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PORTER: As El Salvador continues to recover from its brutal civil war, a group of dancers have come together to try to find a voice for the country’s painful past, and its more hopeful present. The Contemporary Dance Theater of El Salvador, known by its Spanish initials as TDC, was founded in San Salvador in 1994, and it expanded to Washington, DC later that same year. Judith Smelser profiles this unique organization.
[The sound of a director talking to the show’s dancers.]
JUDITH SMELSER: In a small Washington, DC, studio, six young dancers are hard at work preparing for the first performance of their season. These artists, many of them just teenagers, have the weighty task of representing El Salvador’s culture and history to American audiences. Nineteen-year-old Alvaro Maldonado has been a member of the TDC since 2000. He moved to Washington last year.
Alvaro Maldonado: I think it’s a good way to show a newer face from El Salvador. Because usually people just think about stuff like war and ugly things or you know, delinquents and politic things. So it’s a good way to express ourselves and to bring a renewed face about El Salvador—not just bad things, you know, good things.
SMELSER: Many people assume that TDC performs only traditional and indigenous dances, but that’s where the “Contemporary” part of the group’s title comes in. Under the direction of Miya Hisaka Silva, who studied with the likes of Alvin Ailey and Martha Graham, the company uses the latest modern dance techniques.
[In the background the song Solo For A Heart is playing.]
SMELSER: Take for example, this piece, performed by one of three Americans in the company, Lia Kalinosky. It was choreographed by Rafael Perdomo, who at 26 is not only a dancer but a choreographer and teacher for the troupe. He’s from El Salvador, but he says this dance is about universal themes.
Rafael Perdomo: It is very deep, deep feelings about yourself. It doesn’t talk about war, it doesn’t talk about happiness, it doesn’t talk about love or many other stuff. It is just about yourself. OK, what do you feel when you’re alone in your room? What are you thinking? It is about loneliness, it is about a little bit of love, a little bit of passion, a little bit of thinking, a little bit of, you know when you hurt somebody, when somebody hurts you, and many other stuff.
UNNAMED DANCER: [speaking to an audience] Then and only then, I realized that in this world, there are those who are crazy, those who are sick, and those who pretend not to be.
SMELSER: Rafael says this is the point when the character comes out of her reverie and realizes there are other people in the world. And while he doesn’t say the piece is a commentary on El Salvador, it’s hard to believe his background growing up during the war didn’t influence the character’s dark words.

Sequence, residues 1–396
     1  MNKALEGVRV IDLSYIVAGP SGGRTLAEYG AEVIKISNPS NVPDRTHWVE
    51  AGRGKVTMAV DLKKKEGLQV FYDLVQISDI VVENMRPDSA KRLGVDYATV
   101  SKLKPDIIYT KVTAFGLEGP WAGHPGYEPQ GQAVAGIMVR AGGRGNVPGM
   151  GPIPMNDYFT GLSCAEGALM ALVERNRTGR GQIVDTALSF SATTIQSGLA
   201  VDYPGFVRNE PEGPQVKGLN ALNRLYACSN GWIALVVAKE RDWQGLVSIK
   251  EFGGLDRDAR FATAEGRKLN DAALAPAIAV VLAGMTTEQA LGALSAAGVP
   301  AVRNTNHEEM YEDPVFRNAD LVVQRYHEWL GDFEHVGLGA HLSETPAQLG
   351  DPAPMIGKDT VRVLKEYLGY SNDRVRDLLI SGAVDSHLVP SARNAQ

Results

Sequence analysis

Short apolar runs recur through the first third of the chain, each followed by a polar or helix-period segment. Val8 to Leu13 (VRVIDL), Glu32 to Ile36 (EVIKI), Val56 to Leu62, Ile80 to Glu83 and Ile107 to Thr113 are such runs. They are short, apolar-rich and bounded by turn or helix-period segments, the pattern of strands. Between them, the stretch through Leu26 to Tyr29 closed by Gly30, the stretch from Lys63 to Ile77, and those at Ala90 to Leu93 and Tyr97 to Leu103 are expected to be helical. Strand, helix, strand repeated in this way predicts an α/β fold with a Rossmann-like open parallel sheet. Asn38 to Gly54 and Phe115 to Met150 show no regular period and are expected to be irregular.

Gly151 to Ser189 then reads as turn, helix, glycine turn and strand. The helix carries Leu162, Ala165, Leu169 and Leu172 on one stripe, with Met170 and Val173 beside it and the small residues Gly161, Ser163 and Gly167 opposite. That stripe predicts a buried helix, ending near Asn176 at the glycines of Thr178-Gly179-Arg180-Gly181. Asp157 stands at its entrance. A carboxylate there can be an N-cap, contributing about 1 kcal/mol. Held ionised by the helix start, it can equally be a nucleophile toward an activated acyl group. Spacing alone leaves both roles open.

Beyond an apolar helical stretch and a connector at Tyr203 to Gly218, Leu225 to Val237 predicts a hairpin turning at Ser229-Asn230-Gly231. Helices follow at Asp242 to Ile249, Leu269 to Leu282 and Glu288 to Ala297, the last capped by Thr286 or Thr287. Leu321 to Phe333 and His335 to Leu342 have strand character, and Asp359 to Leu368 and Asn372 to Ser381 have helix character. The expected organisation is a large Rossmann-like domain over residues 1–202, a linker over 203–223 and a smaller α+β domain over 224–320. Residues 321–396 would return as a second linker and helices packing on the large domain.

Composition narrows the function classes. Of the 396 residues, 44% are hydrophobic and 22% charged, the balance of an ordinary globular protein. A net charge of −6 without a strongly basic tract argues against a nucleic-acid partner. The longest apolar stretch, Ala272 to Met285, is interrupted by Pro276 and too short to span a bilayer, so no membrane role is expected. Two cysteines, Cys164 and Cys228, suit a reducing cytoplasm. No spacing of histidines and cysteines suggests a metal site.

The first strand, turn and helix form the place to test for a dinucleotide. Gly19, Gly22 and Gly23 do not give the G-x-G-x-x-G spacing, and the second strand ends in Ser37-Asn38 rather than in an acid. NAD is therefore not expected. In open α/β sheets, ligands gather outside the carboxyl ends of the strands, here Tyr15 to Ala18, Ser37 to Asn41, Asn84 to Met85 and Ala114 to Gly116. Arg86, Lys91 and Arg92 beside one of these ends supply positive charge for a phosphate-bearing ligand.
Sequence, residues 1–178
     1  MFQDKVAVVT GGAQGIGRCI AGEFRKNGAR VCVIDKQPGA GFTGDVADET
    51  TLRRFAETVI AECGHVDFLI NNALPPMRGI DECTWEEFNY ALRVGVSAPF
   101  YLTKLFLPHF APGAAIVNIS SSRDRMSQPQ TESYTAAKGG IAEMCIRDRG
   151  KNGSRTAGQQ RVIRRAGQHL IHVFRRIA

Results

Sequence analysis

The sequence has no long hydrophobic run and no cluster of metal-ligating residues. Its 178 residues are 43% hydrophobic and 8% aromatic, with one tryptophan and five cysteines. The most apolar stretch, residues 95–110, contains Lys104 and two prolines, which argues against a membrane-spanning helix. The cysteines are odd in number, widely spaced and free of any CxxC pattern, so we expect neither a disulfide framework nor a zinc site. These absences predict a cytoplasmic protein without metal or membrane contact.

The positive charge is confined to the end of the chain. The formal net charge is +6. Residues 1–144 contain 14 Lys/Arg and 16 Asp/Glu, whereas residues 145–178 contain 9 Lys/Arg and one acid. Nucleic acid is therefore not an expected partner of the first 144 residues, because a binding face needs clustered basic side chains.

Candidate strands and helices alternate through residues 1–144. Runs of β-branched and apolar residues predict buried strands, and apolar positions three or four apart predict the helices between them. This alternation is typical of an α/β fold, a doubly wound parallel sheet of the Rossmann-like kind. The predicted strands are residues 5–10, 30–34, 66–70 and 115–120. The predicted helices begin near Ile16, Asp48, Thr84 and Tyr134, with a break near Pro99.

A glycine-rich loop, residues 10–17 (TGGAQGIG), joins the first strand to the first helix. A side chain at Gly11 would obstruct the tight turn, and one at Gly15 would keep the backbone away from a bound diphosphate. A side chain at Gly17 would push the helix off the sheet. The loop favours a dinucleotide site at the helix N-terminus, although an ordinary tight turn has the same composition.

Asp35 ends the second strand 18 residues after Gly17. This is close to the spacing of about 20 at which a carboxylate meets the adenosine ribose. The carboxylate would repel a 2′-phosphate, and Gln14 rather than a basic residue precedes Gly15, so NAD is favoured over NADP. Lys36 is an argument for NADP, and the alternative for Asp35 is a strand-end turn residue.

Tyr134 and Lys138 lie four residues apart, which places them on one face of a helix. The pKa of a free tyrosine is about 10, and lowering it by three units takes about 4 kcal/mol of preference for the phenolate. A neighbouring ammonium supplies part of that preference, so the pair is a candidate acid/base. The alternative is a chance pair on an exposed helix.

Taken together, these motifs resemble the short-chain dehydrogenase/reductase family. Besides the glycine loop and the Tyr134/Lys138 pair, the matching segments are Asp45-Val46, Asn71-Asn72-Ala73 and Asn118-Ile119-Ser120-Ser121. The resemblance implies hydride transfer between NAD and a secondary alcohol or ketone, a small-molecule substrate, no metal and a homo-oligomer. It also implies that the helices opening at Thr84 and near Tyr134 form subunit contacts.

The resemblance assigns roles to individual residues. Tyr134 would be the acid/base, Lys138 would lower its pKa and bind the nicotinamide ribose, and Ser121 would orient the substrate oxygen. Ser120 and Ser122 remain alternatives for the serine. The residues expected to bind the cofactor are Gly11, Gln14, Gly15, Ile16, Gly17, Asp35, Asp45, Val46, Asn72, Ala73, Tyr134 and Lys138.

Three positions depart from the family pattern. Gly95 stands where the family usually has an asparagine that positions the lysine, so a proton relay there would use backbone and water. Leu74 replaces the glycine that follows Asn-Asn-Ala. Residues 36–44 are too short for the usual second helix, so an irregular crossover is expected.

Perdomo: We did suffer a lot. Because, you know, the houses in El Salvador, is like a whole, whole, whole file of houses. It’s just a line of houses. So the guerrilla people start to come from the very first house, going through the walls, and walls and walls of the houses. To, in each house I mean, at the end, so to get to hiding from the soldiers. Our house, it wasn’t affected. But you know, you heard the shot, you heard the people crying, you heard the people screaming, “Go for them!” and bla-bla-bla-bla [imitating the sound of gunfire]. So, it was a very weird feeling.
[The sound of a Sting song from the show, Esperanza.]
SMELSER: Those painful events are explored more fully in a 20-minute piece called And Now for Hope. Performed to music by Sting, the dance is dedicated to the tens of thousands of victims of El Salvador’s civil war. The piece revolves around a couple portrayed by Rafael and 18-year-old Casey Lynn, another American member of TDC.
[The sound of a Sting song from the show, Esperanza.]
Casey Lynn: It’s a very complex story, especially for the lead female dancer because she goes through so much. You know, it starts out, you know, as couples or people just in El Salvador. And then there’s a second section which is a duet that the lead female and the lead male do. And they are, you know, husband and wife, and it’s very emotionally, you know, disturbing because the girl is seeing her husband for the very last time before he goes off to war and, you know, it’s very possible that he may die and that she may never see him again. Then in the third section there’s a war scene where, you know, everybody’s scared and he actually—I see him get shot. And then afterwards, you know, I see visions of him being tortured and, you know, all that, all that just incredible, you know, the torture of war. By the end, you know, the war is over. As it starts out, you know, it’s just kind of telling individual stories, and then by the end, you know, the war is over and of course, you know, life goes on, life picks up.